I love Bingo! I have since I was a kid, and could play this game for hours. I usually play no less than several rounds at the family picnic each Summer, hosted by the company my brother-n-law works for. True story. I love the game and they give out great winning prizes. What can I say? J
I was inspired to create the bingo card below, after the idea came from viewing the ways other people have used the famous game to get messages across. I think it is a perfect opportunity to share the way I view structural barriers to breastfeeding for Black women, and the Black community (what stands in the way — and grasp things at the root), and what I discuss during my presentations, along with what I believe are ways we can work towards solutions. Understand that there is only so much room on this single card; and it doesn’t even begin to touch on practical matters — infant tongue tie, fussy baby, thrush, for example.
This is not to say that Black women don’t have agency — that Black women who don’t breastfeed are nothing more than mindless and oppressed and don’t know what they’re doing or what’s best for their own situations. I don’t think that at all. Nor am I saying that those who do never face any social barriers, or don’t occupy a social position where they feel these less than others. But I’m looking in on it through a more structural framework — a larger picture than zeroing in on one Black woman, 10 or even 100. And what I am saying is that breastfeeding is more than simply the mechanical steps of attaching an infant to its mother’s breast. If Black women have the lowest initiation and duration rates of any group in the country — and who are coincidentally disproportionately affected by strategic and systematically crafted structures, which are part of a continued legacy of the most sordid US history, then it is not by chance. If we want to start hearing more about an infant’s access to its mother’s breast and all of the goodness that comes with that, then we need to look at breastfeeding through a more critical and holistic lens. And talk less about the infant and its mother’s breast and more about the issues that are situated between the two. And find ways to challenge these issues.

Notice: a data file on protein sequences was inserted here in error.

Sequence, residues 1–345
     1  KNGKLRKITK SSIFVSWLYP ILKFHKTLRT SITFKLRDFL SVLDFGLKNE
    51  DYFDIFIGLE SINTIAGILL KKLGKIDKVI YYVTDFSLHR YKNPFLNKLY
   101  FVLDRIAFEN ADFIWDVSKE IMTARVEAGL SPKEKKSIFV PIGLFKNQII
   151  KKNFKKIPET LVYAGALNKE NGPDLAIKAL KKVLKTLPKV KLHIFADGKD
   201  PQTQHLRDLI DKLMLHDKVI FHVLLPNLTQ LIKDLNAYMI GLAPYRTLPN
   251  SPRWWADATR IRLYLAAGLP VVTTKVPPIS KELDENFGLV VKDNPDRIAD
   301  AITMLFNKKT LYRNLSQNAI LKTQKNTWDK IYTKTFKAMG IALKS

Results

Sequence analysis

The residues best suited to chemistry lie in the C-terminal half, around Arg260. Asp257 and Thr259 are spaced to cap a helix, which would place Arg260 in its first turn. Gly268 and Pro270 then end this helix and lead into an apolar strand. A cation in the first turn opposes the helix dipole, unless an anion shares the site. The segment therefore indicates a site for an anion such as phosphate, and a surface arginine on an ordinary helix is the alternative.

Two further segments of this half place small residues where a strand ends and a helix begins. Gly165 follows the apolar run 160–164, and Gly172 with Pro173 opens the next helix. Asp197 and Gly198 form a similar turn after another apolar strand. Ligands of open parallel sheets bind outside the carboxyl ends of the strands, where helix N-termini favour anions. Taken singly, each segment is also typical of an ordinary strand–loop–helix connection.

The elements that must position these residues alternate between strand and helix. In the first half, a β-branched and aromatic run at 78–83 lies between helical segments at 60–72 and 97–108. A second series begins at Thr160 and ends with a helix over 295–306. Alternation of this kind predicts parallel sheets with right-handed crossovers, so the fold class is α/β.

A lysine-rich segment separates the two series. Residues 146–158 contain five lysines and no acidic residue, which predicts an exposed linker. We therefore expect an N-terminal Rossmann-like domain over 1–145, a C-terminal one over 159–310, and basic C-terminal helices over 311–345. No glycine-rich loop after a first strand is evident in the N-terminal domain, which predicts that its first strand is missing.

I hope you play a round or more of Radical Black Breastfeeding Bingo. And while you are immersed in your game, ask yourself just how you support these structures — because you know you do. We all do, somehow.